And I was wondering if anyone used acrylpolymers, heartfelt beads, etc, as these are low maintenance, don't harbour any nasties, don't release anything harmful, and will maintain a rock solid humidity level, which conveniently is the same range that tarantulas are kept at.

Or is the reason I've not seen any of this used is because the moisture held in the substrate more than enough to maintain humidity?

I thought I'd throw it out there, seeing as the consensus seems to be avics thrive with good ventilation, that means harder to control humidity levels, in my area of experience anyway :p, so might benefit from some of the products we use to maintain solid humidity, but a consistently stable level is maybe not as critical as it is for a cigar humidor {D
 

Salamanderhead

Arachnobaron
Old Timer
Joined
Aug 30, 2009
Messages
410
Nothing to it.

Get a container for it. Have cross ventilation. (holes in the side of the container and top)

Some substrate on the bottom and some fake plants or corkbark or something like that for it to climb on and build its webs around.

I spray a little bit of water in their enclosures everyday.

If you cant find any food for it thats small enough they will scavenge when theyre spiderlings. You can prekill a big cricket and put it in there for it. Its easier once it gets its web done.

Go with a versicolor. They arent hard to care for. Very pretty too.
 

Salamanderhead

Arachnobaron
Old Timer
Joined
Aug 30, 2009
Messages
410
You dont need a water dish until they have about a 3 inch leg span. Just keep the substrate damp but not swampy. A small daily misting is good IMO. They will drink the water drops off the side of the walls if needed.
 

Hostile

Arachnopeon
Joined
Sep 3, 2010
Messages
2
Thanks for the picture, mcluskyisms.

And to Salamanderhead for the extra info.

I wasn't sure what sort of setup was best for a spiderling, as I've seen some kept in sparse containers, so I wasn't sure if the substrate and other decor would damage their abdomen or anything like that.

At what size do you usually release them into their permanent habitat?

Thanks.
 

Salamanderhead

Arachnobaron
Old Timer
Joined
Aug 30, 2009
Messages
410
The main thing you should stay away from is sand. Peat moss is a good cheap substrate.
 

mcluskyisms

Arachnoangel
Old Timer
Joined
Apr 16, 2009
Messages
843
mcluskyisms- just one thing, how do I find/make that water dish. thanks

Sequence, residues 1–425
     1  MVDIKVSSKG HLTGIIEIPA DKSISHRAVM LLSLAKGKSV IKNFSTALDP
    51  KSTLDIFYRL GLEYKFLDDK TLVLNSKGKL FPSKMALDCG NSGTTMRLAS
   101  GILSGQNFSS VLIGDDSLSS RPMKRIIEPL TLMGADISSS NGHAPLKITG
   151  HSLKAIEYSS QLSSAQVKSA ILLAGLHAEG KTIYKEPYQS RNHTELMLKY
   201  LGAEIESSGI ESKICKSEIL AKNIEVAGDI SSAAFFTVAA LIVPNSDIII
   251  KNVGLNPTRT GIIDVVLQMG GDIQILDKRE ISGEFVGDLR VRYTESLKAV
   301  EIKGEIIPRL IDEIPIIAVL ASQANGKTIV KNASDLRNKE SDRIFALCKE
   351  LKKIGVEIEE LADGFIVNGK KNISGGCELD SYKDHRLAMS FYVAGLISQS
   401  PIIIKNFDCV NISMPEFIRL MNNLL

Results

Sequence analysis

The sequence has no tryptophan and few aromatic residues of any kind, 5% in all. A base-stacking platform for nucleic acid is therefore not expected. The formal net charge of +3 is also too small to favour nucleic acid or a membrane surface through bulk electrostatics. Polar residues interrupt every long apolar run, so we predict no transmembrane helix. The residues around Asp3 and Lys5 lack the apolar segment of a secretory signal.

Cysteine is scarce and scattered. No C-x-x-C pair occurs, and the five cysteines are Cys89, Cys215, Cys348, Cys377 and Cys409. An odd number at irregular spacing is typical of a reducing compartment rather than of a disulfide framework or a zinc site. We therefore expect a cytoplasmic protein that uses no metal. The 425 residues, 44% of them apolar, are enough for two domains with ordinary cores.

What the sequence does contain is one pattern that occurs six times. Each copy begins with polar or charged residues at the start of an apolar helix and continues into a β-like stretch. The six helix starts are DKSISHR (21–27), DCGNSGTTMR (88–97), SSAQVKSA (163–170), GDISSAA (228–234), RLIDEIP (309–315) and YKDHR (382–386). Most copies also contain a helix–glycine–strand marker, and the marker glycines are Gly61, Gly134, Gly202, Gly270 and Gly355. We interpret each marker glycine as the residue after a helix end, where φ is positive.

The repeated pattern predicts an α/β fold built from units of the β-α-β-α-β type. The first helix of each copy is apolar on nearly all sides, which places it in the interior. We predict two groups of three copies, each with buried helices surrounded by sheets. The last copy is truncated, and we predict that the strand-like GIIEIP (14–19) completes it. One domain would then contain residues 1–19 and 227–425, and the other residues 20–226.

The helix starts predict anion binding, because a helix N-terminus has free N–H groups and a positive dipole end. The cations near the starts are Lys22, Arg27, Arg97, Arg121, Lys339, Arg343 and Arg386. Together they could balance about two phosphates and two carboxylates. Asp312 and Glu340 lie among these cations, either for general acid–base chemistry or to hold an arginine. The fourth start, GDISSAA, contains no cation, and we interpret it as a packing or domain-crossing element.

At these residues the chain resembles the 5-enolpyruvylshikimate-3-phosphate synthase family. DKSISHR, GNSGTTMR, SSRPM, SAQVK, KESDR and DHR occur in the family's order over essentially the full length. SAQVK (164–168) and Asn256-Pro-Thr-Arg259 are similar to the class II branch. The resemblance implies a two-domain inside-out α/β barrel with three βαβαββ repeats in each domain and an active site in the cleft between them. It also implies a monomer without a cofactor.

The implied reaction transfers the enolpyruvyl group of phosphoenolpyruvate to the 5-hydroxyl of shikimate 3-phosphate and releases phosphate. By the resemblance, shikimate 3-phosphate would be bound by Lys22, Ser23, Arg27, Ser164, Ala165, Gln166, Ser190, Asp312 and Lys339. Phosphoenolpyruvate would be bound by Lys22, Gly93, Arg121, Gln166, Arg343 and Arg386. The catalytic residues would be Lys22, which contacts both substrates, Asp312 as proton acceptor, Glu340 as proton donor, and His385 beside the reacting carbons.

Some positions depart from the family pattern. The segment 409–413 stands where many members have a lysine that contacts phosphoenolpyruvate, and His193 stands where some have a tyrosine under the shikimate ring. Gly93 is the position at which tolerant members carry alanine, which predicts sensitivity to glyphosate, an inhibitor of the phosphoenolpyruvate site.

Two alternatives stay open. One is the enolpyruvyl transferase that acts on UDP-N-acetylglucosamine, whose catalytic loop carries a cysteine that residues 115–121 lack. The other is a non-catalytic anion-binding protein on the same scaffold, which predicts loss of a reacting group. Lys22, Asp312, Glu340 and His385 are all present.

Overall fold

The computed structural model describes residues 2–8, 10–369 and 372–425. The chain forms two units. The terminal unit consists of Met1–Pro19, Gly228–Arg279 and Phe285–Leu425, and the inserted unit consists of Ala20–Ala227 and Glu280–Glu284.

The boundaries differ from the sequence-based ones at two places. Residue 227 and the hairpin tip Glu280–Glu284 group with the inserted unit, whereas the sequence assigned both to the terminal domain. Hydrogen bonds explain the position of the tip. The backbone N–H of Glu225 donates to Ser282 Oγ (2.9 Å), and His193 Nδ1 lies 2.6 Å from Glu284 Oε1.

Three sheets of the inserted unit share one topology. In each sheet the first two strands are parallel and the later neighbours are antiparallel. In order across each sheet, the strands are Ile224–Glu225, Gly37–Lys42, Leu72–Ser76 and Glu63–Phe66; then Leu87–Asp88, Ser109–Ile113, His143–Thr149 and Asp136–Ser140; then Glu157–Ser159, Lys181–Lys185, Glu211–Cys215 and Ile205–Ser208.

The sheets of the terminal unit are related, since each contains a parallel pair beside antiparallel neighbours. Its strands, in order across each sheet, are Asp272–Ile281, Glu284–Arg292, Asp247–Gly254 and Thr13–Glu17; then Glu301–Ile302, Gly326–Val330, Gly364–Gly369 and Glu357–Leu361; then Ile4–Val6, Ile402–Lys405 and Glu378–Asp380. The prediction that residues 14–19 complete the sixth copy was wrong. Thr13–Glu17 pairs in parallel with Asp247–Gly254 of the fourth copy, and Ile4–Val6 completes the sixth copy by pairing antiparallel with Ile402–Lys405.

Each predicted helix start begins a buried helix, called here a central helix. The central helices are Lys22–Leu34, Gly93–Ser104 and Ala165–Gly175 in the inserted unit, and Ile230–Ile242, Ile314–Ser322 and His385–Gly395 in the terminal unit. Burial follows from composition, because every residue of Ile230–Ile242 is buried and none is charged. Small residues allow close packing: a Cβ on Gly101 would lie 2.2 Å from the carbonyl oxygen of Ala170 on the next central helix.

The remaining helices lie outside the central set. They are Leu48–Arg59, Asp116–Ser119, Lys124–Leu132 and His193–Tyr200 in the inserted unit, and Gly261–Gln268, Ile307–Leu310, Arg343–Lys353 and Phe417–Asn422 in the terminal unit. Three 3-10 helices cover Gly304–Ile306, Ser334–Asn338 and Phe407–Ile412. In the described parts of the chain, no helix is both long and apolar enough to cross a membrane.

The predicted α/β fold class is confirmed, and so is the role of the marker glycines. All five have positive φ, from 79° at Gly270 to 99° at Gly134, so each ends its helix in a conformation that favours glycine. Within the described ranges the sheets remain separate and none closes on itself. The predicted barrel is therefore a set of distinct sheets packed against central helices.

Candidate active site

I bought mine from TheSpidershop.com although I dont think they stock them any longer, they're 3cm width so perfect for grown on slings they're made by a company called NeoTropic I believe.

At what size do you usually release them into their permanent habitat?
Just when they are big enough, ie if there enclosure they're in is looking a bit too small then transfer them into something a bit bigger :)
 

Hostile

Arachnopeon
Joined
Sep 3, 2010
Messages
2
Just when they are big enough, ie if there enclosure they're in is looking a bit too small then transfer them into something a bit bigger :)
I've read that they generally won't make use of the space if you put them in a large enclosure, but would I be right in saying that main reason for keeping them in cosy environments is because they also get stressed in an oversized enclosure?
 

mcluskyisms

Arachnoangel
Old Timer
Joined
Apr 16, 2009
Messages
843
I've read that they generally won't make use of the space if you put them in a large enclosure, but would I be right in saying that main reason for keeping them in cosy environments is because they also get stressed in an oversized enclosure?
That's true with lots of tarantulas in particular terrestrials although I find Avicularia and other arboreals prefer a bit more room in general IMO obviously you wouldn't put them in something massive when they are really small but they need a vertically inclined setup so they can have a good climb about and nine times out of ten you will find they make there web hide at the top of the enclosure :)